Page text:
Let’s talk about the Human Papillomavirus (HPV)

Consultant Obstetrician and Gynaecologist at the Rotunda Hospital, Dr. Vicky O’Dwyer sat with us to answer common questions related to the Human Papillomavirus (HPV).

Click on each question to watch Dr. O’Dwyer’s video response.

What is HPV?

Doctor Vicky O'Dwyer, expert speaker for Debunking the myths: the science behind our sexual health the irish sexual health education outreach workshops for TY, 5th and 6th years.
Doctor Vicky O’Dwyer, expert speaker for Debunking the Myths: the Science Behind our Sexual Health

HPV is a family of more than 100 viruses that are passed on through skin-to-skin contact, in particular during sexual activity (including oral sex). Only a small number of types can change cells from normal to abnormal, leading to cancer. These are called high-risk HPV. The two most common high-risk HPV are HPV-16 and HPV- 18. Most people will get HPV infection in their lifetime. Usually the immune system is able to fight against the infection and clear it out in two years. In some cases, the infection persists and causes cancer. For some people we don’t know the reason why, while in other cases it relates to the fact that the person is a smoker or has a compromised immune system.

Can both boys and girls get HPV?

Yes, both boys and girls can get HPV. People can generally contract the HPV through skin-to-skin contact during sexual activities (this includes vaginal, anal, or oral sex). This is why the HSE offers the HPV vaccine to all children during the first year of secondary school. It covers the lower risk HPV such as HPV-6 AND HPV-11 (which cause genital warts) as well as the higher risk cancer causing HPVs, HPV-16 and HPV-18, protecting against genital warts, cervical cancer and other cancers.

Will I be checked for HPV?

There is a screening programme through CervicalCheck, through which women can access a screening test from the age of 25. It can be accessed through the CervicalCheck website. After registering on the system, you will get a free test. The test can take place in your GP or any women’s health clinic. You will do a screening initially every 3 years, then moving on to every 5 years from the age of 30 up until the age of 65 years.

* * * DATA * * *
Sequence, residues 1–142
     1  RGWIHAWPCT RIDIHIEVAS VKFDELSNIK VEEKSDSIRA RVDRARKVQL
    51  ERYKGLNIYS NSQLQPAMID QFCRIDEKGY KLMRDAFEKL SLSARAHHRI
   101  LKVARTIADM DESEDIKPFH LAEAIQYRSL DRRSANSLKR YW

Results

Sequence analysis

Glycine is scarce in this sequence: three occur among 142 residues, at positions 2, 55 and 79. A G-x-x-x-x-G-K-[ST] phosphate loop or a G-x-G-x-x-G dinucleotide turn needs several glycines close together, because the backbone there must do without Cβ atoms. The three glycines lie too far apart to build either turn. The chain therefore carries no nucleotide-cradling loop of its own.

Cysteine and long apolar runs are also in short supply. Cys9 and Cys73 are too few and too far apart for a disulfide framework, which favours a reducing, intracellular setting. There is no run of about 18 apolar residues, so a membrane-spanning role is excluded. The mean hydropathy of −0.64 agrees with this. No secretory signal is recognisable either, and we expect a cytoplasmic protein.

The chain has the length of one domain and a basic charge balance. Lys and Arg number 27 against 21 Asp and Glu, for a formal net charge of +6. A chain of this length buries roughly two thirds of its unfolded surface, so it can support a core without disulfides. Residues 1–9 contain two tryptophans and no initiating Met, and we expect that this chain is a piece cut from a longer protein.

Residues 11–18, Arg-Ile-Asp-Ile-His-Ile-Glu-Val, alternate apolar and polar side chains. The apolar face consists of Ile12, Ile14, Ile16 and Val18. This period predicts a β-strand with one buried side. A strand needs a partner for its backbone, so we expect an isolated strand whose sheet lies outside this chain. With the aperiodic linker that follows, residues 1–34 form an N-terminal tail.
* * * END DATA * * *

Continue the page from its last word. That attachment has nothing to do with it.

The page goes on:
What happens during a HPV test/Smear test?

The Doctor will place a plastic speculum into the vagina, it doesn’t hurt. It’s then opened slightly so the cervix is visible at the top of the vagina. They will then insert a soft brush and rotate it 5 times on the cervix. This picks up cells and will also pick up the HPV if it is present.

You will receive your results around eight weeks later.

What happens if I get a positive result?

80% of us will get HPV at some point in our life. If you do receive a positive test result, you will repeat the test a year later in order to give your immune system a chance to fight of the virus. It is unlikely that you will develop abnormal cells within that year.

If your second test result is positive again, you will get a referral to see a doctor in the Colposcopy Clinic. You will undergo a test similar to the HPV test to look at your cervix. This doesn’t hurt and is a safe test and for most people this is as much as they need, to know that they don’t have cancer.


Debunking the Myths – The Science behind Our Sexual Health is a series of expert-led workshops and interactive tools for teenagers focused on sexual health. It is developed by the RCSI (Royal College of Surgeons in Ireland) Department of Obstetrics and Gynaecology in collaboration with the Rotunda Hospital to supplement the Relationship Sexuality Education (RSE) curriculum.

The aim of the project is to provide clear and factual information in relation to sexual health and stimulate open discussion and curiosity around the topic. For more information visit Debunking the Myths on Instagram or TikTok.

For more information, visit the dedicated page on the HSE website, and the WISER website.